High Pressure Sales Seminars – Oftentimes, these seminars are a hurried affair, forcing the seniors and elders into making decisions and buying products that are unsuitable and may cause the seniors and elders to lose money. Seniors and elders should never rush or feel like they have to invest.
Prime Bank Schemes – Seniors and elders should beware of trading and purchasing “prime bank” financial instruments commonly located overseas or outside the US securities markets. These financial instruments and markets may not even exist.
Pump and Dump Schemes – “Pump and dump schemes” involves misleading or false statements about a company’s stock going up, causing investors to sell their shares only to be left with worthless or devalued stock. Seniors and elders should be aware of any security priced below $5, does not trade on a registered securities exchange, and pay heed to thoughts of “that sounds too good to be true” – it probably is.
Variable Annuities – Annuities are often a poor choice for seniors and elders. There is no tax deferment and high surrender charges for early withdrawal of funds. Typically, insurance companies set the maturity date to a date past the senior’s or elder’s lifetime.
The following insurance companies and banks have been known to sell annuities: Massachusetts Mutual Life Insurance Company, Principal Life Insurance Company, Jackson National Life, Pacific Life Insurance Company, Aviva Life and Annuity Company, Athene Annuity & Life Assurance Company, Genworth Life Insurance Company, Midland National Life Insurance Company, Bankers Life and Casualty Co, North American Company for L&H Ins, Security Benefit Life Insurance Company, EquiTrust Life Insurance Company, and Guggenheim Life and Annuity.
Early Retirement – Elders and seniors who have been told about early retirement schemes that will allow them to live comfortably for the duration of their lives should make sure the scheme is legitimate before investing their retirement funds and consequentially losing it all.
All of the above-listed schemes the Securities Exchange Commission and Financial Industry Regulatory Authority have encountered. Millions of dollars has been defrauded from seniors due to these very schemes. All seniors and elders, and anyone making an investment, should make sure what they’re investing is legitimate and trustworthy. Otherwise, rather than gaining money, seniors and elders can lose everything.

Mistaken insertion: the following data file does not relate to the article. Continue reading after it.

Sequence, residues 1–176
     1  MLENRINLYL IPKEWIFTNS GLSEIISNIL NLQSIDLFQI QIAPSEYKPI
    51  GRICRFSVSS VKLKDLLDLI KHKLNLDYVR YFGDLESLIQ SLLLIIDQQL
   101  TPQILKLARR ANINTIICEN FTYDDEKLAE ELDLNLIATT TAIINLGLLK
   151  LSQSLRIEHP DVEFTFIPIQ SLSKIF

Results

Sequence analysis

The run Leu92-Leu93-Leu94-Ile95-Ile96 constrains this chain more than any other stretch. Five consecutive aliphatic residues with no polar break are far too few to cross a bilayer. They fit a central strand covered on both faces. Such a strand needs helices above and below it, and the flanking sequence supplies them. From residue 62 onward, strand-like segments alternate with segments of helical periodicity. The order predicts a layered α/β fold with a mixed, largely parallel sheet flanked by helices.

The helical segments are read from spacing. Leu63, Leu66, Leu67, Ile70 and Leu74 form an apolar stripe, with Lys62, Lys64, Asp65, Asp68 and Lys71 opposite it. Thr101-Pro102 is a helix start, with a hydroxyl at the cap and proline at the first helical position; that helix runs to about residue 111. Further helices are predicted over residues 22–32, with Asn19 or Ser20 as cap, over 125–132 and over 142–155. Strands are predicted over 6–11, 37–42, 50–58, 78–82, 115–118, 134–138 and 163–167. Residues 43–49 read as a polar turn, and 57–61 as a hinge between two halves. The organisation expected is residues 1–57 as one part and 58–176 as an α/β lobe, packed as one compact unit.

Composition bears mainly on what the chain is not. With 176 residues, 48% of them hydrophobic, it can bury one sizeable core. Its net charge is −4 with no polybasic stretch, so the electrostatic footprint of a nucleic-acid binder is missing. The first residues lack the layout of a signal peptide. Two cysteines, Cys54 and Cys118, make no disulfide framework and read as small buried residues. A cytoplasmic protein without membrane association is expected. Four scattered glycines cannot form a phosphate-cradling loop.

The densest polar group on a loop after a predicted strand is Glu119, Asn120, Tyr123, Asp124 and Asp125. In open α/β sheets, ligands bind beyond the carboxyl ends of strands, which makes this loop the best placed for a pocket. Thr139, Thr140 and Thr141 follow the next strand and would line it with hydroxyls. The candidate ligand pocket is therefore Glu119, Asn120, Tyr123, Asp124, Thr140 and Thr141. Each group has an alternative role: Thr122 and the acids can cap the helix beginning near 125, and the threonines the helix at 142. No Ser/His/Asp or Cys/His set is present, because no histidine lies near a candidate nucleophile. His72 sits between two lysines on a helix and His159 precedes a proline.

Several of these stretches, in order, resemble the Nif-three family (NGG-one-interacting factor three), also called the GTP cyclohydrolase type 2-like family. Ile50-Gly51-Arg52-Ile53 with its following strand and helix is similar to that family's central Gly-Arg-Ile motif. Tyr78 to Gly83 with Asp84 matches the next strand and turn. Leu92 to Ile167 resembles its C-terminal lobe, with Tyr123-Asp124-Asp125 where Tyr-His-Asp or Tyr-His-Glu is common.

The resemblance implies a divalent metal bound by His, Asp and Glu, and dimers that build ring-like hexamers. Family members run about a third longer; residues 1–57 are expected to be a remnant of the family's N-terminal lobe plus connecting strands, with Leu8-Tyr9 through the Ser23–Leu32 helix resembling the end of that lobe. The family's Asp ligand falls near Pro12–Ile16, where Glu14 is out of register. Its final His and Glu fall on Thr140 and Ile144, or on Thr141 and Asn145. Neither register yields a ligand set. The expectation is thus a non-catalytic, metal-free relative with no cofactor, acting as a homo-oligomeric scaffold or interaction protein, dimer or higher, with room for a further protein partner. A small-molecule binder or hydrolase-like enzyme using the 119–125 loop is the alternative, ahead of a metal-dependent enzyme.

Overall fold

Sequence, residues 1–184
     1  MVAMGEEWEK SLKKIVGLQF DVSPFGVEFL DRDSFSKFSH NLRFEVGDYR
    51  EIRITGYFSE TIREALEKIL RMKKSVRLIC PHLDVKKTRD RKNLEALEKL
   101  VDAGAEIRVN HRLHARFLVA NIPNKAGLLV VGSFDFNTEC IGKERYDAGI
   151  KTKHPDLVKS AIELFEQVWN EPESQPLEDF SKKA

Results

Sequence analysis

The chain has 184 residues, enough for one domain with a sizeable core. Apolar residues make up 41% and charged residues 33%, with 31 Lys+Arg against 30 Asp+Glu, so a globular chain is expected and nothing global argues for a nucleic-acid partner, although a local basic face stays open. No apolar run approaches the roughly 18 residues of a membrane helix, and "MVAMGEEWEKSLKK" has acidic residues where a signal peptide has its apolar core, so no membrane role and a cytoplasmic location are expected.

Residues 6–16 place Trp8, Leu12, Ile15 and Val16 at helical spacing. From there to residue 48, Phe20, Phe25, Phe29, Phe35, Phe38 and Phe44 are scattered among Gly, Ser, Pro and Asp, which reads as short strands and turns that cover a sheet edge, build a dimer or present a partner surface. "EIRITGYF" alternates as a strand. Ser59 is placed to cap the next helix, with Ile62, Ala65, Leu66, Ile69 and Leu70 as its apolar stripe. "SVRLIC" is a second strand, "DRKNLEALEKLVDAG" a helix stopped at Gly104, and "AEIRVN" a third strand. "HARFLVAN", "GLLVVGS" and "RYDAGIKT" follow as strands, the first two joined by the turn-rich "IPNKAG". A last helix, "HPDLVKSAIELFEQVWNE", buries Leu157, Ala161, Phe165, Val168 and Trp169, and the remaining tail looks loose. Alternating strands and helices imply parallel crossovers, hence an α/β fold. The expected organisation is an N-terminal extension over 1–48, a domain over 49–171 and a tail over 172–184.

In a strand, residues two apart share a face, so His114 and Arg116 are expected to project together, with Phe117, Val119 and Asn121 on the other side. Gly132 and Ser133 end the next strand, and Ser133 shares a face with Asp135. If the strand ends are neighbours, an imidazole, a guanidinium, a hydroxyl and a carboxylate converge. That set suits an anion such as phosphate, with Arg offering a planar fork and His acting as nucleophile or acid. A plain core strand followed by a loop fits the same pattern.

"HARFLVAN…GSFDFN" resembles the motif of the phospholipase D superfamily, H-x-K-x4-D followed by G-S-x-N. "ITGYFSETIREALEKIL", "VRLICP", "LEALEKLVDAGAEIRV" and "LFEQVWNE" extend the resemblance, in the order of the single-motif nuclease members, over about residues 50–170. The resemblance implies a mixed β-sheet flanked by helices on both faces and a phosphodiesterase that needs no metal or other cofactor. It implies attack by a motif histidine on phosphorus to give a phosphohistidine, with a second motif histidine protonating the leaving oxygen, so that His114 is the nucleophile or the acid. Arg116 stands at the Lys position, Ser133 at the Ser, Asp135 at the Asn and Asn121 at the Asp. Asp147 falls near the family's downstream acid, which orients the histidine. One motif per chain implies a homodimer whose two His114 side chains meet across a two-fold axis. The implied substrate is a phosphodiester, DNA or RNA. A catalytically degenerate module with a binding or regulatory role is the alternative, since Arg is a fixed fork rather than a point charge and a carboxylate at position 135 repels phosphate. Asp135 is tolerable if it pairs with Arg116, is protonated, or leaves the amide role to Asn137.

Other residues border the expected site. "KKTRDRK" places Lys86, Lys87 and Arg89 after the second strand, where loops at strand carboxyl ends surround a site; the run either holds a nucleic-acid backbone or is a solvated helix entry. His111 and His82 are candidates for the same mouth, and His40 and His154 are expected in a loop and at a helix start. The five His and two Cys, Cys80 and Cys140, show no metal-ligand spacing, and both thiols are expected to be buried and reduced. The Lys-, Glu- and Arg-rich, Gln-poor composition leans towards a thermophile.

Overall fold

ABOUT THE AUTHOR: Evans Law Firm, Inc.
Ms. Evans is with Evans Law Firm, Inc. in San Francisco and practices in the area of consumer fraud, insurance and elder financial and physical abuse cases, as well as toxic torts. Ms. Evans has represented public entities in private attorney general actions, has extensive experience in complex civil cases and was undefeated in jury trials as a former deputy city attorney in San Francisco. Ms. Evans serves on the Board of Directors for Consumer Attorneys of California and is the first Chair of the Womens’ Caucus. She also serves on the Board of Governors for Public Justice, and the American Association for Justice (formerly ATLA) and is Co-Chair of the Class Action Litigation Group for AAJ.
Disclaimer: While every effort has been made to ensure the accuracy of this publication, it is not intended to provide legal advice as individual situations will differ and should be discussed with an expert and/or lawyer. For specific technical or legal advice on the information provided and related topics, please contact the auth